The challenge of teaching entrepreneurship (particularly business plans) in a business school is (politely) sifting through all the restaurant, bar, website or other service businesses that are unlikely to amount to a hill of beans. Maybe the business plans of science and engineering students are equally likely to fail, but the potential payoffs are higher and they’re more likely to learn something relevant in the process.
I was reminded of this when reading a HBS case† from my intro entrepreneurship class. The case centers on four Harvard MBA students who want to start a business. So they spent a year sifting opportunities through six criteria, which included these quintessential MBA student goals:
- “Be their own boss”
- Invest a minimal amount of start-up capital
- Build a sustainable and defensible business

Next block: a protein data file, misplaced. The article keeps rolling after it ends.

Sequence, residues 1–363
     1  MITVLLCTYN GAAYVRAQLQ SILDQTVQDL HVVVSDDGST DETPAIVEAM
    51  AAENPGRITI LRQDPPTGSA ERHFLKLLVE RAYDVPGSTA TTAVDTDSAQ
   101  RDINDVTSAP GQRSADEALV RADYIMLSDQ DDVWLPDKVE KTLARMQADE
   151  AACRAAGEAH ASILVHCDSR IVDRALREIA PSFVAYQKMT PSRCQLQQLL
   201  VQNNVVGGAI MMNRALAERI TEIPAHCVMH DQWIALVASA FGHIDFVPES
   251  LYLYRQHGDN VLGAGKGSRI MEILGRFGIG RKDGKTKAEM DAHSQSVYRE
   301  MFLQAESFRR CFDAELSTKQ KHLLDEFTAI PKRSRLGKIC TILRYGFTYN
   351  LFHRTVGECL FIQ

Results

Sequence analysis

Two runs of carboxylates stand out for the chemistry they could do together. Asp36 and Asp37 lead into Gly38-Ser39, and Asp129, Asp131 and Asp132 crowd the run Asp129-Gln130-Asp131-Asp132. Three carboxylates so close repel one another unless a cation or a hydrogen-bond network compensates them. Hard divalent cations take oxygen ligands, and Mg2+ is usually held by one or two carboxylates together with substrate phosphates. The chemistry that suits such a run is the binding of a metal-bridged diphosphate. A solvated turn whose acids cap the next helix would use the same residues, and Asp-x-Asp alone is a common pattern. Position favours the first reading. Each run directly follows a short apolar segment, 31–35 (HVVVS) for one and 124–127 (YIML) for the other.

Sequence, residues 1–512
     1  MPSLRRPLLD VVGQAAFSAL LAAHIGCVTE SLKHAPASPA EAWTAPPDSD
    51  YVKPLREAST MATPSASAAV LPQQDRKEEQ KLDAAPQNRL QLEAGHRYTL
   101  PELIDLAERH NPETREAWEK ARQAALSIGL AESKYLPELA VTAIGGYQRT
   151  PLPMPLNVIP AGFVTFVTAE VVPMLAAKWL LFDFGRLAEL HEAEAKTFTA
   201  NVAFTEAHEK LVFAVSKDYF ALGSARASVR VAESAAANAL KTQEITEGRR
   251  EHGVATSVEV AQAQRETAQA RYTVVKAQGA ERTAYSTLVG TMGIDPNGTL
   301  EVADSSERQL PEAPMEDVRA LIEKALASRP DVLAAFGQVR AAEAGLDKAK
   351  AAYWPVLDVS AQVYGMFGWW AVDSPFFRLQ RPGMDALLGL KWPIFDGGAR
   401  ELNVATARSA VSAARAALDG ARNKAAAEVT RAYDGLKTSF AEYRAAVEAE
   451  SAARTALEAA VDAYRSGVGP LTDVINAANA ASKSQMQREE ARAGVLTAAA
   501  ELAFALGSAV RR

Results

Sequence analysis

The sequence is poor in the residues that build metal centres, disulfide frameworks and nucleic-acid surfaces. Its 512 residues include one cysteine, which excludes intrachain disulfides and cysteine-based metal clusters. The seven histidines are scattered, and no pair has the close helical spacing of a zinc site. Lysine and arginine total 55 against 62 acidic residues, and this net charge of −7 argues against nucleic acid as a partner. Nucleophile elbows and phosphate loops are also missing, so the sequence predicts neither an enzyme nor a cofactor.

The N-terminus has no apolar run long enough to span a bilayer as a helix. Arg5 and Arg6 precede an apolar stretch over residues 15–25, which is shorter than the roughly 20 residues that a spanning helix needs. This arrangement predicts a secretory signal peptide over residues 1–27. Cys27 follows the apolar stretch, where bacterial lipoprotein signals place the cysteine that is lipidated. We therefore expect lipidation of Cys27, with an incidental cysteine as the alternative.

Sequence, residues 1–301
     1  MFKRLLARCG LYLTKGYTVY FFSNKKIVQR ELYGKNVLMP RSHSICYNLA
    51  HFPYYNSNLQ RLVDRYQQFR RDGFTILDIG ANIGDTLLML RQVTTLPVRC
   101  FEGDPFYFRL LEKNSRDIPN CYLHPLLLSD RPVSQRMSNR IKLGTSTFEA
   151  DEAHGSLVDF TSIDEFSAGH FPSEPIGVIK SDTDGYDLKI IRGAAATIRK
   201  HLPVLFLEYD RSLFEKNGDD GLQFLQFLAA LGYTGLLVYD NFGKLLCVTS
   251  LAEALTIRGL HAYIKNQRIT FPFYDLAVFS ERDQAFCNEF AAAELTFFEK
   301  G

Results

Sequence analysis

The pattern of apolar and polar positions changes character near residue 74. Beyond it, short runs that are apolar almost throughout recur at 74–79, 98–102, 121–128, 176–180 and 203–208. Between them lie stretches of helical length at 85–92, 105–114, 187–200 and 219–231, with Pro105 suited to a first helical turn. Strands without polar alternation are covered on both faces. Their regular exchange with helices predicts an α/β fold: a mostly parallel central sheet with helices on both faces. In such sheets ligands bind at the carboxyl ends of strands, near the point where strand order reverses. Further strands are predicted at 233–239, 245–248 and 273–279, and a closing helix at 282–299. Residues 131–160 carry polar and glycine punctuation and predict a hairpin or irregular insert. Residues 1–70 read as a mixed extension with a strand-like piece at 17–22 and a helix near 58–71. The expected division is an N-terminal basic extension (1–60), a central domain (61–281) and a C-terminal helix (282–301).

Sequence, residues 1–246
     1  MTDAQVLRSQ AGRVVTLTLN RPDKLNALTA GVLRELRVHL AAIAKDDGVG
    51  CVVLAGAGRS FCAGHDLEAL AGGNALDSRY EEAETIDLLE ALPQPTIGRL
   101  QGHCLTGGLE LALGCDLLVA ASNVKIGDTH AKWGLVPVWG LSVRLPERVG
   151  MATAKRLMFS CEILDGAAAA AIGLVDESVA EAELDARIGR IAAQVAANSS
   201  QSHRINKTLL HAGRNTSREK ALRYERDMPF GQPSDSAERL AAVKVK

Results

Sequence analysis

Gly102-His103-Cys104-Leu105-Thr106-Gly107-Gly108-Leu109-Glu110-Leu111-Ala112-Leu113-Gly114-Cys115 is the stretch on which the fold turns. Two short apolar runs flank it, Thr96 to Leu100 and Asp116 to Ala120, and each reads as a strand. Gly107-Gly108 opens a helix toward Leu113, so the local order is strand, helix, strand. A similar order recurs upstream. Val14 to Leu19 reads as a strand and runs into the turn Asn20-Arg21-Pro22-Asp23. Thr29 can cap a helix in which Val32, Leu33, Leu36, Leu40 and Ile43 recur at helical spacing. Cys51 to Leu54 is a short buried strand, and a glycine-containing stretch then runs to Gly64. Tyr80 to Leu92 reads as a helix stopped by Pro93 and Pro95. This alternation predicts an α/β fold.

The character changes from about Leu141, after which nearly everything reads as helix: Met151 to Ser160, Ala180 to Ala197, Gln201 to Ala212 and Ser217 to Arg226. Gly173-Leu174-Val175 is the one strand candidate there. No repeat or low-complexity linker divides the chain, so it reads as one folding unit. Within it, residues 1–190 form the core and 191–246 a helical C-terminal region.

This goes back to the fundamental problem of b-student business plans: anything a typical MBA student can start is something any fool can start. Meanwhile, science and engineering students are working on creating something that hasn’t been done before — one that hopefully has a lucrative commercial application.
So instead of dreaming about the perfect opportunity, the Harvard students would have been better off buying drinks down at the bars near MIT for smart technologists who actually have some secret sauce.
† Title omitted to protect the guilty.